Anson County NAACP leader Ada Ford leading a boycott of segregated schools.

Civil Rights leader Jesse Jackson was back in North Carolina this week for the NAACP convention. He was student body president at North Carolina A & T, graduating in 1964. Jackson reflected on his time in North Carolina, in the midst of the Civil Rights Movement, in a conversation with News & Observer editor John Drescher. According to a post on Drescher’s Facebook page, Jackson said that North Carolina avoided the worst of the era because of Terry Sanford. “His leadership was the difference. We had a governor who was navigating through the storm as opposed to feeding the storm.”

While Jackson’s right that our political leadership and business community throughout the 1960s helped us get through the turmoil of the era without high profile events like the murders of civil rights workers or the bombing of the church in Birmingham that killed four little girls, we did not escape unscathed. Acts of violence and intimidation marred the integration of our schools. Bombings were particularly prevalent during the period.

In Anson County, where my kindergarten cohort would become the first to go from K-12 in integrated classrooms, the lead up to integration was anything but calm. Segregation didn’t end until 14 years after Brown v. Board of Education and the county tried various ways to avoid compliance. Hostile whites threatened and intimidated black families and white elected officials who wanted to end segregation.

In the mid-1960s, Anson County, as it is today, was evenly divided between African-Americans and whites. There were three school systems, Wadesboro, Morven and Anson County. Each maintained two sets of schools segregated by race.

Following passage of the Voting Rights Act of 1964, students and their families could choose which school to attend. At first, a small number of African-American students went to the white schools. In 1966, a larger contingent of black students planned to attend Morven schools.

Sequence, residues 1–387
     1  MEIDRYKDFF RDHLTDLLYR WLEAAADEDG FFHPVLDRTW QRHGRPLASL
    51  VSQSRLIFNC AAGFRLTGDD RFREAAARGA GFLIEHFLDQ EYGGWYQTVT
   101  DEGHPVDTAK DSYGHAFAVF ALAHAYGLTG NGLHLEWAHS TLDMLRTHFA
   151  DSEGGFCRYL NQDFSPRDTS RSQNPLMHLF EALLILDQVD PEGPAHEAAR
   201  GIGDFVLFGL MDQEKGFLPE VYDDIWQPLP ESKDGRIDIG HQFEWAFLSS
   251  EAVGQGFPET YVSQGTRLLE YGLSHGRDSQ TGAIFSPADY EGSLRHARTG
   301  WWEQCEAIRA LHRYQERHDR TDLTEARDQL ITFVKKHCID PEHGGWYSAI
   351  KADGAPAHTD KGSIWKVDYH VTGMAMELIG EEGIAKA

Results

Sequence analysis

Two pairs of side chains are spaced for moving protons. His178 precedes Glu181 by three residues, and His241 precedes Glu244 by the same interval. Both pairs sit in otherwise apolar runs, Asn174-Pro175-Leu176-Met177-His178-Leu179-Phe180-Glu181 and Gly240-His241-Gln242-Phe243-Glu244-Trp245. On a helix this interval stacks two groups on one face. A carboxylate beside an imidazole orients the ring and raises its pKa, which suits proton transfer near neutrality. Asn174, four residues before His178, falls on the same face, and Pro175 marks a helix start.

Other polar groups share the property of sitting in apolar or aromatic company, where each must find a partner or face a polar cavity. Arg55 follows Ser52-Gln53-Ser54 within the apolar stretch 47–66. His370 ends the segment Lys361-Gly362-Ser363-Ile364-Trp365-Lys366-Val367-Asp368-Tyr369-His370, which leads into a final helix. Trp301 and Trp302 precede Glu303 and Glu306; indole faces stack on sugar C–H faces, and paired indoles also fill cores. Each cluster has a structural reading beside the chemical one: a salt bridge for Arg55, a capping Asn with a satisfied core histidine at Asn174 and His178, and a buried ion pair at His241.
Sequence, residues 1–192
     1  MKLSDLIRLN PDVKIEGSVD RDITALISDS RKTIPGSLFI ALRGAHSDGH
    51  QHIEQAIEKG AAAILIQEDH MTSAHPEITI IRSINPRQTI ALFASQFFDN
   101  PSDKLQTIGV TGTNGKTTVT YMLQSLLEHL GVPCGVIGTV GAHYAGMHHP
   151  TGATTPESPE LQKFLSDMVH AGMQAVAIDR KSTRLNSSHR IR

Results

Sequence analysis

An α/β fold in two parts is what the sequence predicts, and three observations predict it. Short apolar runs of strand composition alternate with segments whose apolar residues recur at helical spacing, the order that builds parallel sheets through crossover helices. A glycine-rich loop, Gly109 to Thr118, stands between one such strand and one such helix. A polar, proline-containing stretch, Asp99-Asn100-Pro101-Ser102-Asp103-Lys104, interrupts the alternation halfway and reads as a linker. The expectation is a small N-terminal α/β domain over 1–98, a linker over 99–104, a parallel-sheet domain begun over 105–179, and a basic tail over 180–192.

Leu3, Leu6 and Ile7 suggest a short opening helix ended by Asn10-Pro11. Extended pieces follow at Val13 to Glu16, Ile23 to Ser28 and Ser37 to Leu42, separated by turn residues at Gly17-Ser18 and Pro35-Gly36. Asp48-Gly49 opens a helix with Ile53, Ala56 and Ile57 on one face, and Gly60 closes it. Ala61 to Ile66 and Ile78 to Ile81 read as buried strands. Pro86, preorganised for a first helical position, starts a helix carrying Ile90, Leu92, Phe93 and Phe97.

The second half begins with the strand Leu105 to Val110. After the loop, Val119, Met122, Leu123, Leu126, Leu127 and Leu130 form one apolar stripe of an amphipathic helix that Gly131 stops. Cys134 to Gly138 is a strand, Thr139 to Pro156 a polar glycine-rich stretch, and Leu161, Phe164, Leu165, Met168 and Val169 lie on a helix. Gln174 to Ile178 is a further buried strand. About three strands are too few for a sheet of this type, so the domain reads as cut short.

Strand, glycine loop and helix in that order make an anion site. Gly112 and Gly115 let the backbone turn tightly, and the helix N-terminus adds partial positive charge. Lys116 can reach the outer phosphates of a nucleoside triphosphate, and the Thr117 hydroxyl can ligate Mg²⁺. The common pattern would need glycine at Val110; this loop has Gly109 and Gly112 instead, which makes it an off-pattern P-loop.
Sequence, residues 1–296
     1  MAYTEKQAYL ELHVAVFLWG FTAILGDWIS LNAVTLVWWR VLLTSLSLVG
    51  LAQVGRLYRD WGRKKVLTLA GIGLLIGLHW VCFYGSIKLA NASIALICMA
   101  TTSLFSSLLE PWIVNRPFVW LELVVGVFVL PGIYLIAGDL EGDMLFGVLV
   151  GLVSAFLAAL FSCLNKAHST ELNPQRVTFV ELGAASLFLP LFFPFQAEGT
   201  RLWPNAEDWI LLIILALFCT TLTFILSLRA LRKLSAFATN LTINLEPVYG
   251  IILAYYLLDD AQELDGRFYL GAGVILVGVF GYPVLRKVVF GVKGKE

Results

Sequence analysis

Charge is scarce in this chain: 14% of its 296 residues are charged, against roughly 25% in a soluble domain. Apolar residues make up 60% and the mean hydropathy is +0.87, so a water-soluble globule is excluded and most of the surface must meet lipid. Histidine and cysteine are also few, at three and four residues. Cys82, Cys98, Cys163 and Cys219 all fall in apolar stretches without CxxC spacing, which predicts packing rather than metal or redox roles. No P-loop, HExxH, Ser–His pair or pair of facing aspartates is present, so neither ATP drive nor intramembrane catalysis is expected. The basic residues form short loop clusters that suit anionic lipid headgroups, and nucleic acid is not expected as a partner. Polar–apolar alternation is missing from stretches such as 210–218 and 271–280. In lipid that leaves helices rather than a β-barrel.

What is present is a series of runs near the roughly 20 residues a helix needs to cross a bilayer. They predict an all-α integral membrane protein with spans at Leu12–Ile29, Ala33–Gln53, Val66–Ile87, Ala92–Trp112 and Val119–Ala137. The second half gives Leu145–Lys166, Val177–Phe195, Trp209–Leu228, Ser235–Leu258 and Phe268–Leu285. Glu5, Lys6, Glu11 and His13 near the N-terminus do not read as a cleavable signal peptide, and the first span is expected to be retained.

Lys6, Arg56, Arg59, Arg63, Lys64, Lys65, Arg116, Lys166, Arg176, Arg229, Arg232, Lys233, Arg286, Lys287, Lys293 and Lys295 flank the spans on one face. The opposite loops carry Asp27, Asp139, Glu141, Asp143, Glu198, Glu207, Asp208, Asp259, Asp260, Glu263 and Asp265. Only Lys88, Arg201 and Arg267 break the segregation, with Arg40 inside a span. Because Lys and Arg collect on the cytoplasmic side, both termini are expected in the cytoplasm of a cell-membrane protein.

September 12, 1966, the black families were sent a clear message. Bombs exploded outside of three households, destroying cars and blowing the windows out of houses. More bombings followed and none of the black children finished the year at the white Morven schools.

By 1967, the school board began integration of the schools by starting with the upper grades, sending all 11th and 12th grade students to a single, consolidated high school. On June 29, five bombs exploded simultaneously, damaging or destroying property owned by four school board members and the superintendent of schools. In the wake of the explosions, three members of the school board resigned.

Even though nobody was ever held responsible for any of the bombings, the Anson County schools were fully integrated in 1968 following a lawsuit by the NAACP. A group of five year olds began a journey through 13 years of integrated public schools for the first time in Anson County history. We were too young to understand the controversy that surrounded our circumstances and that worked to our advantage. While we may have all been aware of prejudices just below the surface, we had little real racial strife.

Jackson’s right that the leadership in North Carolina guided the state through the tempestuous times without the negative publicity and more extreme violence that rocked other states. But events similar to the ones that played out in Anson County occurred in counties across the state. The forces of progress eventually defeated those of reaction and we’re a better state for it. Let’s hope those same forces prevail again.


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